Three of Seattle's most versatile actors, Todd Jefferson Moore, Marty Mukhalian, and Nathan Smith are story-tellers in FELLOW PASSENGERS, opening December 8 for a limited run at the Richard Hugo House in Seattle. The three share more than fifty characters in a play that uses almost every word of Charles Dickens' A CHRISTMAS CAROL as a script. The result is the most authentic dramatization possible of Dickens' story of ghosts, reclamation, and the original notion of Christmas charity.
FELLOW PASSENGERS is directed by Julie Beckman, who adapted and directed Dickens' most biting political novel, HARD TIMES, at Book-It Repertory Theatre in 2003. Familiar with Dickens and the narrative play, Beckman was a natural choice to succeed Rhonda J. Soikowski, who created much of the concept for FELLOW PASSENGERS when she directed its debut at Strawshop in 2004. (Soikowski has stepped aside to pursue an acting opportunity in Book-It's LITTLE WOMEN, opening in November).
Beckman was in the audience for the 2004 version, and saw a grittier, more relevant story than she thought imaginable from such an overworked novel. Unexpected by almost all who saw the original FELLOW PASSENGERS were the dozens of scenes that traditional dramatizations have edited out to focus on the better-known characters, like Jacob Marley, Bob Cratchit, and Tiny Tim.
Strawshop Artistic Director Greg Carter adapted FELLOW PASSENGERS originally, and says it's a mistake to omit the wider community. "The story is about how much we all need one another, and how much our lives are intertwined," says Carter. "Dickens does not condemn Scrooge for being rude or for having a lot of money. He condemns him for his neglect of those around him. Scrooge can make a better world simply by participating in it. That's a strong statement about citizenship, and that's what this company always wants to talk about."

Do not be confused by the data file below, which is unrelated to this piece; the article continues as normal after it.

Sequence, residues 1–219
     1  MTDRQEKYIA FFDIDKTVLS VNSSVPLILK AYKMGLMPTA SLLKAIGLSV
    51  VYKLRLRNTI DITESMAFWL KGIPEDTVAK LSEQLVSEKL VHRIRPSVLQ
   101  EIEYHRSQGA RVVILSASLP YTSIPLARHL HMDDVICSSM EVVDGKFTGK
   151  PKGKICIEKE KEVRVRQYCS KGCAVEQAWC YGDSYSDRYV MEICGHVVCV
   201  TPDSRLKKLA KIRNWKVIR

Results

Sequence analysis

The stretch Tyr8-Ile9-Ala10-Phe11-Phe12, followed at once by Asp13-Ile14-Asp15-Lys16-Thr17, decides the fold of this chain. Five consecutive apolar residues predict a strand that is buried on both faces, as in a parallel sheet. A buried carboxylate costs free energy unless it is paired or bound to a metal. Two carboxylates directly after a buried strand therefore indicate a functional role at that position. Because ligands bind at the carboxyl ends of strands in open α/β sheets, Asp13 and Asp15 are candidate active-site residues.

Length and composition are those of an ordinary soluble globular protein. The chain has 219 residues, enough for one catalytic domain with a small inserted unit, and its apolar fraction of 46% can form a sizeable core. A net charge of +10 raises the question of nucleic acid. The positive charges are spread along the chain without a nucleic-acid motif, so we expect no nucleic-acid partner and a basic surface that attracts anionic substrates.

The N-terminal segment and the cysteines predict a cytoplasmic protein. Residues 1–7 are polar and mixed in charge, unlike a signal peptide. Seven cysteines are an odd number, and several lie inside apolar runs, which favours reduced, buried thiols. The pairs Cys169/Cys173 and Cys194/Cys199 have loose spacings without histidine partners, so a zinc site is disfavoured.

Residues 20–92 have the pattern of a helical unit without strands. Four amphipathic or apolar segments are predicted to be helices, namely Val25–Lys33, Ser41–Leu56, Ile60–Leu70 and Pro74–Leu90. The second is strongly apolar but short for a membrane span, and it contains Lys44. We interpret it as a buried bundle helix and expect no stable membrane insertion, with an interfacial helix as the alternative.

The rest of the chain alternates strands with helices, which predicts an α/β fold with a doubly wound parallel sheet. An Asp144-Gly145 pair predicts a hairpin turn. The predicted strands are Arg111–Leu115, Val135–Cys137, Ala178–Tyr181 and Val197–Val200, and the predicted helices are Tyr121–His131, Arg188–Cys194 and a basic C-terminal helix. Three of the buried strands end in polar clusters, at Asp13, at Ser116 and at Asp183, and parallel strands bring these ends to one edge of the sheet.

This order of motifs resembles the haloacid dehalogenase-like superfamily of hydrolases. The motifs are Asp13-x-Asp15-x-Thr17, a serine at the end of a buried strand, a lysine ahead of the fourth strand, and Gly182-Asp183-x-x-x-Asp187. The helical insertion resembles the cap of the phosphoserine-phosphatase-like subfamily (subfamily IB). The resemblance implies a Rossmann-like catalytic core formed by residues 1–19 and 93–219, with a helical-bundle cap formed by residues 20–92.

FELLOW PASSENGERS was a critical sensation in 2004, earning accolades from sources as diverse as the Seattle Times and The Stranger. Each noted the freshness of the script, and the unexpected pleasure of hearing Dickens at his satiric best:
--Chris Comte, on the drama website, SeattleActor.com wrote, "this evocative, thoughtfully realized production is bound to elicit as much surprise as delight."
--The Stranger's Annie Wagner called PASSENGERS "unconventional and surprisingly smart."
--Misha Berson of the Seattle Times highlighted a full-page Sunday column on Charles Dickens influence in America with a photograph of Todd Moore in the play's joyful last scene. Berson praised the whole production for its "lean, fierce story-telling" and specifically recommended PASSENGERS as a Critic's pick in an appearance on KUOW-FM.
The cast includes three of the city's most familiar actors: Todd Jefferson Moore squeezes FELLOW PASSSENGERS in between leading roles in THE GRAPES OF WRATH at Intiman t
Richard Hugo House
1634 11th Av
Seattle, WA 98112
|Kid Friendly: No|
|Dog Friendly: No|
|Wheelchair Accessible: No|